Chief Supply Chain Officer Imperative: Anticipate and Plan for Disruption

Whether you call the role Chief Supply Chain Officer (CSCO), Chief Operations Officer (COO), or some variation, someone needs to be responsible for leading all extended supply chain processes for any enterprise producing physical goods. Moreover, this person must be a full strategic partner with the CEO, CFO, and other members of the C-suite. They are responsible for the lion’s share of enterprise cost and capital spending. Historically, many organizations failed to recognize the need for a “strategic-minded” CSCO.

For the last several decades, manufacturing businesses and their supply chain leaders focused relentlessly on driving cost out of the system. This led to a massive shift in manufacturing and sourcing to lower cost regions, particularly China, in pursuit of lower production cost. It also led to consolidating vendor bases, including increased sole sourcing, in return for lower prices from suppliers and just-in-time production which drove down inventory investment requirements.

This drive for lower cost worked well when conditions were relatively stable. Customers received lower prices, shareholders owned a more profitable business with higher returns for their investment, and employees worked in a growing business with more career opportunities. What was not well recognized was the added risk the enterprise assumed. Sourcing and manufacturing in Asia lengthened supply chains and made them more vulnerable to transportation disruptions. Consolidating vendors increased exposure to supplier outages. Reliance on China increased political risk. Just-in-time manufacturing eliminated inventory which could serve as a buffer to absorb mismatches between supply and demand. Occasional disruptions in one or another of these dimensions occurred and companies scrambled to address them. Few had risk mitigation plans in place ready to deploy, and most were treated as one-off events. Then the covid pandemic hit, which clearly exposed the inherent risks companies had assumed in adopting the low-cost supply chain strategies of the last 40 years. While the drive to low cost was a “strategy” many pursued, companies did not think strategically about the potential unintended consequences.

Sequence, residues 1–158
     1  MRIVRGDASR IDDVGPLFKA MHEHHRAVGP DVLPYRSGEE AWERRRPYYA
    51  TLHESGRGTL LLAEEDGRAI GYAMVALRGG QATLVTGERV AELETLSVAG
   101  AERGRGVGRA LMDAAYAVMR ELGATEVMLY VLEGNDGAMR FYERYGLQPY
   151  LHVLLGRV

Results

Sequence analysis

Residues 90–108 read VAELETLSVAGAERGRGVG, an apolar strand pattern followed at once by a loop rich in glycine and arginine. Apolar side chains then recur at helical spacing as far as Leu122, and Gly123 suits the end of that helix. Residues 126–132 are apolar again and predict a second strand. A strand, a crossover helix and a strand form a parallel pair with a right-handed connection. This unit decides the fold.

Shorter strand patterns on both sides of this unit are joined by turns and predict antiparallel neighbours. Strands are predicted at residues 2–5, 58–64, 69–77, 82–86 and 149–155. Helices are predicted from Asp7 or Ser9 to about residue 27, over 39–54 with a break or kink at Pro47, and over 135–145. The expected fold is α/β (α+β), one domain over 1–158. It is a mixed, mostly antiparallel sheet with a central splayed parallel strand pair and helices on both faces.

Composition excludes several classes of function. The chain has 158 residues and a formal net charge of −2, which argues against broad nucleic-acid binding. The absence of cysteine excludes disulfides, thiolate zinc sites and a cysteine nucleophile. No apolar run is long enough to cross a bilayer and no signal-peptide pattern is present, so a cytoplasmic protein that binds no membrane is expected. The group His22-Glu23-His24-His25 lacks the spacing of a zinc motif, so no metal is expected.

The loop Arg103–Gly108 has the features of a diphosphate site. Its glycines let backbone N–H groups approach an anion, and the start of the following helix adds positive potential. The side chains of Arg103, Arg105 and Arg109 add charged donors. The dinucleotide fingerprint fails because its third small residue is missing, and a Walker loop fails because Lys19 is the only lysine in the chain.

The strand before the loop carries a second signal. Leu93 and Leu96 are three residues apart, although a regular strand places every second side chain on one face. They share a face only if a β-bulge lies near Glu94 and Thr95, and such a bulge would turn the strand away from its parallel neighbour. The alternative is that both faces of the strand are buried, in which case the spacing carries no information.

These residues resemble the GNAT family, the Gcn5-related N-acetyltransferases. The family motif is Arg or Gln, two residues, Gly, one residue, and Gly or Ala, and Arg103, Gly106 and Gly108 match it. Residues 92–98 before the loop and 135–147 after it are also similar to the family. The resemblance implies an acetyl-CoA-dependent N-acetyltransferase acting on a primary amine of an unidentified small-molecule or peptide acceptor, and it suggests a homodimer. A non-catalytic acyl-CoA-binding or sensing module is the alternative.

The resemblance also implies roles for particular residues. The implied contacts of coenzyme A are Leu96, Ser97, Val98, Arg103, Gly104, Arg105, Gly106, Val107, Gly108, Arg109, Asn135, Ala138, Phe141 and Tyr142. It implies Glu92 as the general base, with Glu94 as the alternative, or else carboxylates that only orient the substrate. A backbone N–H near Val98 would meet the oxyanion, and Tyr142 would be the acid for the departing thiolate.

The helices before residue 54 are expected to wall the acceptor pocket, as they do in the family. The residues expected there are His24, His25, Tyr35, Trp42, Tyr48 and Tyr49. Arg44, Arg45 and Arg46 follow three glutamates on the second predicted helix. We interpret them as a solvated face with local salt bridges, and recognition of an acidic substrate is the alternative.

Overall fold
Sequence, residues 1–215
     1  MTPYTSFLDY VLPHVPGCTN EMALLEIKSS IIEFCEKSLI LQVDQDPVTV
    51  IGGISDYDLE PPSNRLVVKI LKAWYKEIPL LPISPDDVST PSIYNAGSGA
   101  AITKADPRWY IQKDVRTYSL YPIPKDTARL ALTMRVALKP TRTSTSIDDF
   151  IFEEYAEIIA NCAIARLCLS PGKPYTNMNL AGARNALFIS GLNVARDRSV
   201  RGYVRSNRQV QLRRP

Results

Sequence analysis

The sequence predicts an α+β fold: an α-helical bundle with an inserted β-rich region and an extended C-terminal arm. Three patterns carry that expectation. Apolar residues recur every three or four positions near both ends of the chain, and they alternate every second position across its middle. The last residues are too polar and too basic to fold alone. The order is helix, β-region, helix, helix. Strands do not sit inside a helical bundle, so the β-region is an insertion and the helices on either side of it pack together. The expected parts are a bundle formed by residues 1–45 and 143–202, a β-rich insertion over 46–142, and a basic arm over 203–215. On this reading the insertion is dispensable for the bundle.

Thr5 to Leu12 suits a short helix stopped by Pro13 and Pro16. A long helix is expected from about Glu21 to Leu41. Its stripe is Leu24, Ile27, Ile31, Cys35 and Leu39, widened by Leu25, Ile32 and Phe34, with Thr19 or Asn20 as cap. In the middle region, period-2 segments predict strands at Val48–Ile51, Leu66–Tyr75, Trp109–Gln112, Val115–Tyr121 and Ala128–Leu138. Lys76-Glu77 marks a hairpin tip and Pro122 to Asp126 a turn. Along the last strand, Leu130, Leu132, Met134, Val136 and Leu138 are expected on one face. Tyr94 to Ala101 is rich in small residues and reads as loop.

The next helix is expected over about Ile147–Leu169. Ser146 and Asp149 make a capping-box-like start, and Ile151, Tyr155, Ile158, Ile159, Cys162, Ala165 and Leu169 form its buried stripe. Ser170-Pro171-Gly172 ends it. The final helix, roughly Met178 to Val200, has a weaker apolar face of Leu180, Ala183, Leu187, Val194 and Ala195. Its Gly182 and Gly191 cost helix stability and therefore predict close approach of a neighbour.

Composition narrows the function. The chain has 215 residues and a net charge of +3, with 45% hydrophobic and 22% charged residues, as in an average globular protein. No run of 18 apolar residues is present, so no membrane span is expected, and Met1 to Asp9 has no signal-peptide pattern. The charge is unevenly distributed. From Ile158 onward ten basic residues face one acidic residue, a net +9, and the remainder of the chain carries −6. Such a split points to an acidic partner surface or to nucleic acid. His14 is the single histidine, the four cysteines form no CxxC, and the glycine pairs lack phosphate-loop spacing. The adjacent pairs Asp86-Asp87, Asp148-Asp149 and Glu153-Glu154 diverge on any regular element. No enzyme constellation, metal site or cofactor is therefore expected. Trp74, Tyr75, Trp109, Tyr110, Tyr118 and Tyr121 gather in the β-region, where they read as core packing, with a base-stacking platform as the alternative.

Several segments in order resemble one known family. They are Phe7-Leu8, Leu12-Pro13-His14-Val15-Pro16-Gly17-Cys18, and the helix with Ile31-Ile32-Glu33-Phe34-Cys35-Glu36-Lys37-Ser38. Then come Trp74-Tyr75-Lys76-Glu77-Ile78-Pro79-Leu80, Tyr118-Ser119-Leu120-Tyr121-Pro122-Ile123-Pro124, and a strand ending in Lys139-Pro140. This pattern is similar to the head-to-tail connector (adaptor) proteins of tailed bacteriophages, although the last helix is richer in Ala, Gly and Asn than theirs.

Companies should not think of the pandemic as a once-in-a-century event and revert to business as usual. Disruptions have been, and will continue to be, a fact of life for manufacturers. The McKinsey Global Institute has studied the history of supply chain disruptions and their effect on business results. They estimate companies lose 45% of one year’s EBITDA to supply chain disruptions over the course of a decade. Historically, corporate responses to supply chain disruptions have been reactive. Recent disruptions have clearly illuminated the imperative for creating and maintaining operational resilience. What does this mean for the next generation of CSCOs?

Apart from the leadership and strategic skills required of any C-suite executive, perhaps the most important skill required of today’s CSCO is that of an underwriter. Underwriters, be they insurance, investment banking, commercial banking, or other, evaluate the risk involved in a particular activity, asset, or person and set a “price” appropriate to the risk. As we saw during the pandemic and its aftermath, most CSCOs failed as underwriters. They did not appreciate the risks they were bearing and had not taken necessary steps to “insure” against those risks. As a result, supply chains broke for extended periods—inventory did not arrive when needed, factories closed, customers did not receive their orders, and consumers saw bare shelves and empty lots.